Leapton Energy debuts 600-625 W TOPCon solar panel based on rectangular wafers

Leapton says its new panels have a temperature coefficient of -0.30% per C and an efficiency of up to 23.14%. They come with a 30-year power output guarantee for 87.4% of the initial yield.

Japan-headquartered Leapton Energy Co., Ltd. has released a new double-glass solar module based on n-type tunnel oxide passivated contact (TOPcon) technology and rectangular wafers.

The LP182*210M66NB modules feature 182 mm x 210 mm n-type TOPCon cells and an aluminum alloy frame.

“The modules are based on 210R cells, which offer the advantage of 210 low open-circuit voltage, resulting in higher string power,” a spokesperson from the company told pv magazine. “In a typical 1500 V ground-mounted station system design, each string can connect two additional modules, increasing string power by 13%.”

Leapton is offering six versions of the panels, with power outputs ranging from 600 W to 625 W. The efficiency ratings range from 22.21% to 23.14%. The open-circuit voltage is between 44.54 V and 49.75 and the short-circuit current is between 15.78 A and 16.00 A. The maximum system voltage is 1,500 V.

The panels measure 2,382 mm x 1,134 mm x 30 mm and weigh 33.5 kg. They also feature an IP68 enclosure, 2.0 mm anti-reflection front glass, and 2.0 mm heat-strengthened glass on the backside. They have a temperature coefficient of -0.30% per degree Celsius and an operational temperature ranging from -40 C to 85 C.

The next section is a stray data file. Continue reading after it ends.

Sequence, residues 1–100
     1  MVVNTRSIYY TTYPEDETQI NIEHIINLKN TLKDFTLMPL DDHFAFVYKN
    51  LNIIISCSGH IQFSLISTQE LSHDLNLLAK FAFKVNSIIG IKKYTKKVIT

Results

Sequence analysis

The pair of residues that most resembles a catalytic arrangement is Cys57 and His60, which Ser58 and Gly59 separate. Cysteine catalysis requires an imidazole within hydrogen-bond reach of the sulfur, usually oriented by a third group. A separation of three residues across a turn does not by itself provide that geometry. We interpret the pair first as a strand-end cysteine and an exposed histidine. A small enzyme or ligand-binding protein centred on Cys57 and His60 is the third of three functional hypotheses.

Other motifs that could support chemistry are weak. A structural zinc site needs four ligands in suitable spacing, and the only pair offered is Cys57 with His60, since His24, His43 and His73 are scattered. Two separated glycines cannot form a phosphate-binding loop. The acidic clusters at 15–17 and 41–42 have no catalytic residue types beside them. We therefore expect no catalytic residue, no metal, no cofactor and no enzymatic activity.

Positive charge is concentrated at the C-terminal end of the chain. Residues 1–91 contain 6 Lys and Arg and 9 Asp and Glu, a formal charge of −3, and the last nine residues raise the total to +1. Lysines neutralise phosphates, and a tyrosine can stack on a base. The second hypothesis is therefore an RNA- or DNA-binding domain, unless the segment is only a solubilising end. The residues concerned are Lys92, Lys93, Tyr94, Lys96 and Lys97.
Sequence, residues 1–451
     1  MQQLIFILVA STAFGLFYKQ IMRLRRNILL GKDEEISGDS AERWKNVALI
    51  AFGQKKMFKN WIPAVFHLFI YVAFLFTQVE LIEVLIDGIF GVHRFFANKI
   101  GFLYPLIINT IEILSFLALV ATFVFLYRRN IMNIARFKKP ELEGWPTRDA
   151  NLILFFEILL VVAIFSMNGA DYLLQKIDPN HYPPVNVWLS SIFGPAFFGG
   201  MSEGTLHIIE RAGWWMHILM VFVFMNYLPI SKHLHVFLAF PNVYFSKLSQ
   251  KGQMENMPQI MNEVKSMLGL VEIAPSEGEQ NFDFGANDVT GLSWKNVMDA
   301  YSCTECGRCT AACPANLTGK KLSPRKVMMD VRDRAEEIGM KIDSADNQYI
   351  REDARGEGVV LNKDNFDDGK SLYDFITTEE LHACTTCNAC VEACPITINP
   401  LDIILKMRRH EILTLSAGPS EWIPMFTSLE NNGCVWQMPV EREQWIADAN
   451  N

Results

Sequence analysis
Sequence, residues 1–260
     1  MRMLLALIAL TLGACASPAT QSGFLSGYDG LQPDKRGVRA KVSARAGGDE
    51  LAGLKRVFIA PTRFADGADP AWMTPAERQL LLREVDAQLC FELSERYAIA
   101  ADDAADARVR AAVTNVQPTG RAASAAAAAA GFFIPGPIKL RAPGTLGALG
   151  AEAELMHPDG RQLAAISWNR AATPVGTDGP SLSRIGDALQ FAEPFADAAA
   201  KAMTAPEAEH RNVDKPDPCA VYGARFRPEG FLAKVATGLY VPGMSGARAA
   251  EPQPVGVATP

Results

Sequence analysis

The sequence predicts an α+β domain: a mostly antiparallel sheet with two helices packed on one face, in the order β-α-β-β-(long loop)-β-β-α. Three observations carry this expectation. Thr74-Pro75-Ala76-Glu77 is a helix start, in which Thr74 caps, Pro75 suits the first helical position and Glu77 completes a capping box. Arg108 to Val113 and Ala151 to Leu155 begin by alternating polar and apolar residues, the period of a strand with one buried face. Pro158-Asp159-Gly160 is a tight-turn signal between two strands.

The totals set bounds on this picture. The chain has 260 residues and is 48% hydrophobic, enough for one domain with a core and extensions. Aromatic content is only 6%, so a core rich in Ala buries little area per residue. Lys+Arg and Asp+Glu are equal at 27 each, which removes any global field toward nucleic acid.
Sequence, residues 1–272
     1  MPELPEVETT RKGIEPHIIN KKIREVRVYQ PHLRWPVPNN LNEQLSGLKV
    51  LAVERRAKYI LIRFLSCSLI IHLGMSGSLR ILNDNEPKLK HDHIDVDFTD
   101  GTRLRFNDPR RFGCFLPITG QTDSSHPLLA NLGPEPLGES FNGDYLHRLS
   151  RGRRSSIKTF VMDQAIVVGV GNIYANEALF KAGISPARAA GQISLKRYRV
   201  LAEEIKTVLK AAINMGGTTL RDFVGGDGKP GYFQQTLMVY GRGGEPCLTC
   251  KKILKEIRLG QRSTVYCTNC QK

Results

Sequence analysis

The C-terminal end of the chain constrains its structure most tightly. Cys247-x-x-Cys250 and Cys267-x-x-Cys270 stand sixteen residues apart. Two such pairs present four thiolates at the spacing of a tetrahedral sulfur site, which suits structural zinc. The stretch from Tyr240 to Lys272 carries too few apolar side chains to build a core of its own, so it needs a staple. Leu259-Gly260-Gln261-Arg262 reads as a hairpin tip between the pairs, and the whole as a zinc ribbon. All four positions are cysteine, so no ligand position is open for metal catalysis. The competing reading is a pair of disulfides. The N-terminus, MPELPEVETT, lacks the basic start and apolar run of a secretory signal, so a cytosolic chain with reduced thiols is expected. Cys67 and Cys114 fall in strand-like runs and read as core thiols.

The new products come with a 30-year linear power output guarantee and a 25-year product guarantee. The degradation in the first year is purportedly 1.0%. The 30-year end power output is guaranteed to be no less than 87.4% of the nominal output power.

“Using our 210R-66 medium-sized modules reduces the number of strings, total length, and quantity of tracking brackets by 13%, and decreases the number of modules, DC cables, and MC4 connectors by 5%-8%.” the spokesperson added.

Leapton Energy had a production capacity of 3.5 GW in China at the end of 2023.

 

This post appeared first on PV Magazine.

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